Bureau of Reclamation this week released the finalized portion of the Klamath Project Biological Assessment, a guiding document totaling hundreds of pages that will help other federal agencies to write the biological opinion for the Klamath Basin hoped to take effect by April 1.
“It’s analyzing, assessing, the impacts of the Klamath Project operation on all these (endangered) species,” said Laura Williams, a spokesperson for the Klamath Basin Area Office of Bureau of Reclamation.
“The services are going to use this Biological Assessment that we did … to create the bi-Op. We gathered as most recent science and statistics, and that’s what this assessment document is.”
The assessment references the threatened Coho salmon in the lower Klamath River, and endangered Lost River and shortnose sucker in Upper Klamath Lake, Williams said, among many others.
Creation of the Biological Assessment began in fall 2016 and originally was planned to take several years to complete, Williams said.
“The President wanted it done sooner than that so we did expedited process,” Williams said. “Everybody has been working on this intensely for about two months.”
That includes working weekends and holidays to finish it.
“The court-required flushing flows and all that, those are in effect until the new biological opinion is done,” Williams said. “So that’s why it’s so important to do a thorough job, but as quickly as possible, so that we could get that done before the next water season. It’s as fast as it can be done.
The biological opinion will be a guiding document for impact on Endangered Species Act (ESA)-listed species for the next 10 years.
According to a news release, the Biological Assessment contains: one, a detailed description of the Klamath Project and its operation; two, a description of the specific area that may be affected by the action and the environmental baseline; three, a description of ESA-listed species and critical habitat; four, a description of the effects of the proposed action on ESA-listed species and associated critical habitat.
Reclamation’s proposed action analyzed in the assessment proposes to continue to: store waters of Upper Klamath Lake and the Klamath and Lost rivers; operate the project for the delivery of water to meet authorized project purposes and contractual obligations inclusive of deliveries to national wildlife refuges; conduct routine maintenance activities on project facilities; and, implement conservation measures intended to minimize impacts of the proposed action.
The proposed action includes a water supply-based operational strategy and consists of a water management approach for Upper Klamath Lake and the Klamath and Lost rivers that mimic natural hydrologic conditions observed in the Upper Klamath Basin.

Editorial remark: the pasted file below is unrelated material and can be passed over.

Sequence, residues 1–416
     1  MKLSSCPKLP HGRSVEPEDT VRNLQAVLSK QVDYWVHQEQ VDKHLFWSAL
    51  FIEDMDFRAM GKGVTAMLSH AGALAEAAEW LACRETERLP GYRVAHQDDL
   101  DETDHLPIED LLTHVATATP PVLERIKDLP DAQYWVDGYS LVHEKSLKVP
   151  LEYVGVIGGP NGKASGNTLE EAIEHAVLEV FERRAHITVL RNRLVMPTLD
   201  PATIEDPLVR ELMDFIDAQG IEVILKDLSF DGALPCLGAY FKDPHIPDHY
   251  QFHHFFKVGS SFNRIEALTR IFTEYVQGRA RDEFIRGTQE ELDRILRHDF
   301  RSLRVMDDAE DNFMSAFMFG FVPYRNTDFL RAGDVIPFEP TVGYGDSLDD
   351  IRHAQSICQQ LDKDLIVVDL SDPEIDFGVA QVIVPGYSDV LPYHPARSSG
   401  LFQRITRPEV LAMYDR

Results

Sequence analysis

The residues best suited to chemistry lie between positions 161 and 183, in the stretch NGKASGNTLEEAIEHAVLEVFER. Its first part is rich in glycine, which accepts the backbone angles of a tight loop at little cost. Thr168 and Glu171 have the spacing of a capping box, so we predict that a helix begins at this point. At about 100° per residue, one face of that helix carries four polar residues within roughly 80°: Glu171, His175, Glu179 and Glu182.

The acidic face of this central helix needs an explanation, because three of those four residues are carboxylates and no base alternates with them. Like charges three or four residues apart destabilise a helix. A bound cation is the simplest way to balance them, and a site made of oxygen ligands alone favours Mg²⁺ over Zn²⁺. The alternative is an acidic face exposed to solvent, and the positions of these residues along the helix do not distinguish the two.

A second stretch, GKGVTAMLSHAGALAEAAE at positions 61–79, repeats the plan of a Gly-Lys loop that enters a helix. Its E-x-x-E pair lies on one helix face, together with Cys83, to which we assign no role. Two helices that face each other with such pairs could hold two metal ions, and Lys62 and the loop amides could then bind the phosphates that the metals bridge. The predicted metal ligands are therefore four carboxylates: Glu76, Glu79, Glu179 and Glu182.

Reclamation officials said such an approach attempts to optimize the ecologic benefit of the available water supply, resulting in the ability to maximize the amount of remaining water available for the Klamath Project while seeking to fill Upper Klamath Lake during the fall/winter to increase the volumes available for the Environmental Water Account (including disease mitigation flows), Upper Klamath, and project irrigation supply during the spring/summer operational period.
The Biological Assessment was submitted to the National Marine Fisheries Service (NMFS) and U.S. Fish and Wildlife Service (FWS) on Dec. 21, with the federal agencies tasked with formulating the biological opinion.
Susan Sawyer, FWS public affairs officer for the Klamath Basin office, said she not authorized to work at this time due to the government shutdown.
Due to the shutdown, in its 13th day today, the turnaround time of the biological opinion could be impacted, according to Williams.
“It’s the goal to have it in effect by then (April 1),” Williams said. “We are hoping it does not but there is potential for a delay.”
Officially known as the Final Biological Assessment on “The Effects of the Proposed Action to Operate the Klamath Project … on the Federally-listed Threatened and Endangered Species,” the document will serve as a guide for federal agencies to formulate the biological opinon that takes effect April 1 through March 31, 2029.
Reclamation officials said the information in the assessment represents the best scientific and commercial data available.
Reclamation officials expressed appreciation for the contributions provided by tribes and key stakeholders during the development of the assessment.
“We’re allowing the public to view it but there’s no comment period,” Williams said, of the assessment.